Expected value (EV)

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In probability theory, the expected value (EV) of a random variable is the weighted average of all possible values a random variable can take on.

The expected value may be intuitively understood by the law of large numbers: It can be interpreted as the long-run average of the results of many independent repetitions of an experiment (e.g. a dice roll).

Example: If you roll a dice, the possible outcomes are 1, 2, 3, 4, 5 or 6 – all with equal probability of 1/6. The expected value of a dice roll is 3.5.

This example shows that the “expected value” is not a result that may be “expected” in the ordinary sense. Rolling a 3.5 with a dice (or having 2.5 children) is impossible.

In trading, we can speak of EV as the estimated value of an investment with an unknown return.

A simple example on EV in trading

We can buy an apple for \$10. We expect the following (based on analysis or on our experience):

• A likelihood of 50% that we can sell the apple for \$16.
• A likelihood of 25% that we can sell the apple for \$12.
• A likelihood of 25% that we will not be able to sell the apple and it goes bad.

The expected revenue of the “apple deal” would be:

(50% x \$16) + (25% x \$12) + (25% x \$0) = \$8 + \$3 + \$0 = \$11.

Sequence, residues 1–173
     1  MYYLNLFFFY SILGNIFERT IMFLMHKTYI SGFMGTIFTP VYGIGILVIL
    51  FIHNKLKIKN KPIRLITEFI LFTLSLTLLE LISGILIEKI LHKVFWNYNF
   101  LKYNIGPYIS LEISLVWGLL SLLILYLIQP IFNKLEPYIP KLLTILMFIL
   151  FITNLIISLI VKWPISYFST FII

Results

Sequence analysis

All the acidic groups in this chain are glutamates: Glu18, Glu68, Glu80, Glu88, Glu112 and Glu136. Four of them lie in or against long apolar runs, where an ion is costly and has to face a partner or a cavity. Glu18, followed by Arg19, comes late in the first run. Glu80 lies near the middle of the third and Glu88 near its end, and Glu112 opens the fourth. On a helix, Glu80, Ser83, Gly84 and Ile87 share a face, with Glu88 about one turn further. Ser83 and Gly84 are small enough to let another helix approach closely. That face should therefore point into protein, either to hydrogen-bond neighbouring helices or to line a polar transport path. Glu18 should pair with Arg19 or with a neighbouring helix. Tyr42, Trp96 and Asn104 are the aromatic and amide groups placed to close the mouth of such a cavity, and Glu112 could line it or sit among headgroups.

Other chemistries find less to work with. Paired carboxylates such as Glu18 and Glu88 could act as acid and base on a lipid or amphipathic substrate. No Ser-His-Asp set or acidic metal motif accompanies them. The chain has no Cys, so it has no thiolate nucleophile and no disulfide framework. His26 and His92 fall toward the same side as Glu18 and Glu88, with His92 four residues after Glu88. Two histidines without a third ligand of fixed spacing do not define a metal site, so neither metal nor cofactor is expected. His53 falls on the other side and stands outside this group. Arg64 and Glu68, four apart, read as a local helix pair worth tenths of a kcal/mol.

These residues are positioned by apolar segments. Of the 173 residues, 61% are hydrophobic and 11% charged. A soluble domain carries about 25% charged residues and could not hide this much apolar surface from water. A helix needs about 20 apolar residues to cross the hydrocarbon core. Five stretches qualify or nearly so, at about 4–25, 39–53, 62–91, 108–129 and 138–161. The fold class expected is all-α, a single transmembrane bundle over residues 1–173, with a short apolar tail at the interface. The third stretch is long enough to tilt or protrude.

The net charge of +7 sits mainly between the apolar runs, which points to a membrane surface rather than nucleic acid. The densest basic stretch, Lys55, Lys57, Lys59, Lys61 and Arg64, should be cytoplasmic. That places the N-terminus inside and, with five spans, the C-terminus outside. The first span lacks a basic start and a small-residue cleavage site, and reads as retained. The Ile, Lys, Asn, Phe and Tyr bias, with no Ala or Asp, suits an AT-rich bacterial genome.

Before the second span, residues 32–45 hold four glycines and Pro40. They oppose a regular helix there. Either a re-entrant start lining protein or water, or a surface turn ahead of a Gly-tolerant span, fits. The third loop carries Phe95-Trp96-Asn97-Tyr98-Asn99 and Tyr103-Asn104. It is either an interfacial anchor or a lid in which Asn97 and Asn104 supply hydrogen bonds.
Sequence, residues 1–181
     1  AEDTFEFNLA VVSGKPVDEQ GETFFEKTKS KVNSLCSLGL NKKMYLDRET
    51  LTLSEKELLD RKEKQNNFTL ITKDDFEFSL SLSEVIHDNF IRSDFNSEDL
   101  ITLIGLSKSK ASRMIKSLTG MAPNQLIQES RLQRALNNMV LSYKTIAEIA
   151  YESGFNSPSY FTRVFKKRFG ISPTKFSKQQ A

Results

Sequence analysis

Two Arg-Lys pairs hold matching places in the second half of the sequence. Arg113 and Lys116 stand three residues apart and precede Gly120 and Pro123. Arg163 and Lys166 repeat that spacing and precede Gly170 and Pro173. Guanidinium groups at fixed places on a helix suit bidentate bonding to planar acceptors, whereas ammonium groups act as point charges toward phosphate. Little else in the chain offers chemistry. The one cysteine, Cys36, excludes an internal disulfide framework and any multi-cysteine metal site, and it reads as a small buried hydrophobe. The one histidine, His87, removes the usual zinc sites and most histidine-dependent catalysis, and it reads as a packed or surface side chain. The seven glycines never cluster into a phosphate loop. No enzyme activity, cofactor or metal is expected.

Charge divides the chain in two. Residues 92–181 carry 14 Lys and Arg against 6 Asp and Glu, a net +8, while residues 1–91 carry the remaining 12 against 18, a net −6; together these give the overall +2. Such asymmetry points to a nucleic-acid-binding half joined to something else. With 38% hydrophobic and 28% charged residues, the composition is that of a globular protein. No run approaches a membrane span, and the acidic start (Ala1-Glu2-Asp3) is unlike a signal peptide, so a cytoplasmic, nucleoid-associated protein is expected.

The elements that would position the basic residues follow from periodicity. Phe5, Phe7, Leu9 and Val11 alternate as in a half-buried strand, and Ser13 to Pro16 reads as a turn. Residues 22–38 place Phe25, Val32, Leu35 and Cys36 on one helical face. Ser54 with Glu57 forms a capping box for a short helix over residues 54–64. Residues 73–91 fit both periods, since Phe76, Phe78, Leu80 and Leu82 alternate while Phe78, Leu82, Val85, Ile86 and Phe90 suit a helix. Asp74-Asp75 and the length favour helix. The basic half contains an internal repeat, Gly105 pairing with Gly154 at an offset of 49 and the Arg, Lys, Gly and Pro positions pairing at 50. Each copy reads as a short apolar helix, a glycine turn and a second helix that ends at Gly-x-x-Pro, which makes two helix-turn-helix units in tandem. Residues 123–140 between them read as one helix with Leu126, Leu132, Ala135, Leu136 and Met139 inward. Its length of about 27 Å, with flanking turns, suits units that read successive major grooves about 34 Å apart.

Thus, the expected value of the transaction would be \$11 minus the \$10 that we spend for the apple. The resulting EV of \$1 is positive, indicating that doing the deal would be profitable, or “+EV”.

The return on investment in this scenario would be +10%.
In many situations, the expected value of an investment can be estimated with thorough analysis.

Positive result versus positive expected value

Differentiating between a positive result and a positive expected result is a key skill needed for every trader.

A trade that made you profit might, in fact, have had a negative expected value. And a trade that made you a loss might, in fact, have had a positive expected value.

Coming back to the dice example: you bet \$100 on the result of a single dice roll being larger than 2. Obviously, this is a good bet. Still, the result might be a 1 – and you lose the bet.

EV and money management

It also is obvious that you should not bet your life on the dice roll, even if your bet has a positive expected value. The potential loss simply is far too big. This is a good example that shows that you should not take any trade or bet, even if you have a positive expected value.

This is one of the fundamental ideas behind money management. Do trades with a positive expected value, but do not invest more than 1-2% into a single trade. Otherwise, the risk of going broke despite making the right decisions simply is too large.

Money management is one of the most important skills for every trader. Read more about it here: